After the game, Manning as he always does said all of the right things.  The soon to be 4-time NFL MVP said, “Until any player in here is the head coach, you follow orders and you follow them with all of your heart. That’s what we’ve done as players. We follow order”.   Okay Peyton we get it that Colts owner Jim Irsay, GM Bill Polian, and rookie head coach Jim Caldwell had all agreed that it would be better for the veteran laden team to rest rather than go for the NFL’s second 16-0 regular season.  But you have to think the Colts players, by their competitive nature, wanted to show the world that they were just as good if not better than the 1972 Dolphins or 2007 New England Patriots (finished 18-1 after a perfect 16-0 regular season).  The  Colts’ management decision robbed everyone from NFL historians to Colts fans to Caldwell’s players.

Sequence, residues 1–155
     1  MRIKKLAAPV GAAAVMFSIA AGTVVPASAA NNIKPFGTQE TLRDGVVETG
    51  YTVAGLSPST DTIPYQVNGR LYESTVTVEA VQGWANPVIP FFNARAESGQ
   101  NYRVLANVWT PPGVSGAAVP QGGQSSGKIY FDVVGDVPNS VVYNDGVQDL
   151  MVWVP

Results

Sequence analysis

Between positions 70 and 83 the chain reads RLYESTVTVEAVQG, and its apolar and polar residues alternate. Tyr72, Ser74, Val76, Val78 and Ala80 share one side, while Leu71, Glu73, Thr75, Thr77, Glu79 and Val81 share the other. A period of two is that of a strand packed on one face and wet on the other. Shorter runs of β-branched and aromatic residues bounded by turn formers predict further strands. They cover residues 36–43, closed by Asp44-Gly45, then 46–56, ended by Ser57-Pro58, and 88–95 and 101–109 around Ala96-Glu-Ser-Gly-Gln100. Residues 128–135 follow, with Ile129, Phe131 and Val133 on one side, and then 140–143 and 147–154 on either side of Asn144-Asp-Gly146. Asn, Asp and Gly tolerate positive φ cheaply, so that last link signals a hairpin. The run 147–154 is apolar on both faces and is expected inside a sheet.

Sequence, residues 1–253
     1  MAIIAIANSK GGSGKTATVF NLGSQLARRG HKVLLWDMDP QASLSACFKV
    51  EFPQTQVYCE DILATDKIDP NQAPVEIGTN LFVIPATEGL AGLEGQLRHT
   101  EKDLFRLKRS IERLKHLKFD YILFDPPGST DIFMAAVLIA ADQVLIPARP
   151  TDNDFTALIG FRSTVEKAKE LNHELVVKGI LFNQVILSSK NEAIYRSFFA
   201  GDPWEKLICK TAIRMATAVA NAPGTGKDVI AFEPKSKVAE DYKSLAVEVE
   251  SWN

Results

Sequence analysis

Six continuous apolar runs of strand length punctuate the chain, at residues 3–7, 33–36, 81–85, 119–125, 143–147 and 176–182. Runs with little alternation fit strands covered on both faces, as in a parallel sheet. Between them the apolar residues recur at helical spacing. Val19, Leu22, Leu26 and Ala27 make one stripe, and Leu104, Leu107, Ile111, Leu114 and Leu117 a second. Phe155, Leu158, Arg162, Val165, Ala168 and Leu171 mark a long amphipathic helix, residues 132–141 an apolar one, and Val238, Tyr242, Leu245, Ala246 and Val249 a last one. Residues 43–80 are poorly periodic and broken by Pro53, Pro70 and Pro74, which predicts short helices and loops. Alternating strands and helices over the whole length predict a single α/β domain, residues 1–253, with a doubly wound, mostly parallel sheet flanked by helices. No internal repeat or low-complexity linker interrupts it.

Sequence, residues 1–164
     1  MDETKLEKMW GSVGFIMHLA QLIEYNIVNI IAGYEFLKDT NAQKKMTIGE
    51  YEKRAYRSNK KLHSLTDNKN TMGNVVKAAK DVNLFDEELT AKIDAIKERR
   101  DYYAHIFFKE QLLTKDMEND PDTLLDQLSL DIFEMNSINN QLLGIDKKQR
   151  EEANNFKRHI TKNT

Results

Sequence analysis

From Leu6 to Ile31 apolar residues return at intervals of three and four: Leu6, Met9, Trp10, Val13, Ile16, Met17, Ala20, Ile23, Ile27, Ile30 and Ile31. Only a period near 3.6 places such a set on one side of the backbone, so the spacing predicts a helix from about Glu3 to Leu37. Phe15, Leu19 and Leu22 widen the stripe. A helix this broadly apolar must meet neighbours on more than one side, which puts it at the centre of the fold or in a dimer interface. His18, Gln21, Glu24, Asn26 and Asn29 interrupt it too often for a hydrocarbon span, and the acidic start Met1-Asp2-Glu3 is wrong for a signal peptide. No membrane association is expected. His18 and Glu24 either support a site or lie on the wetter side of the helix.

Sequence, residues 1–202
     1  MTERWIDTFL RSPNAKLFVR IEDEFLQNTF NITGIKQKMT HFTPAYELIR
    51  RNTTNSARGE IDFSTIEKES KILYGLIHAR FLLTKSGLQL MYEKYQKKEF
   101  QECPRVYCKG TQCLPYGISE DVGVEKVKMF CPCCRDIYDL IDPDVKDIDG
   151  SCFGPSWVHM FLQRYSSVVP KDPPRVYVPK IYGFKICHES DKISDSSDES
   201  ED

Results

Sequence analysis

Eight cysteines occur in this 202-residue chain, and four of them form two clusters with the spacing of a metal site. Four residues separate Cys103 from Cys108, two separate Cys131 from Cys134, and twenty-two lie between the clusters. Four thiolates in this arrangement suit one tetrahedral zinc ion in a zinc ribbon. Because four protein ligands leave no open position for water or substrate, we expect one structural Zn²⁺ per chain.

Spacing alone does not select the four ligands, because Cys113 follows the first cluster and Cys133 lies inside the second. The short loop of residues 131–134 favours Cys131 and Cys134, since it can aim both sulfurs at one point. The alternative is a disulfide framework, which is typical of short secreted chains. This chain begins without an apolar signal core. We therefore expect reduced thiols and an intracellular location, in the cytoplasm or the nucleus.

The Colts were so close after beating the Jacksonville Jaguars last week in dramatic fashion that they should have “Gone For It” in their two remaining games against the New York Jets and Buffalo Bills (combined record of 13-17).  Rest is overrated in the National Football League as “momentum” is omnipotent going into the playoffs.  History has shown that resting for the playoffs after attaining the #1 seed and securing home field advantage in the postseason doesn’t guarantee success in the playoffs.  Since 1990 only 17 of 36 number one seeds in the playoffs have made it to the Super Bowl with only 8 of those teams winning it all.  The last time two No. 1 seeds faced-off was in 1993 for Super Bowl XXVIII with Buffalo vs. Dallas.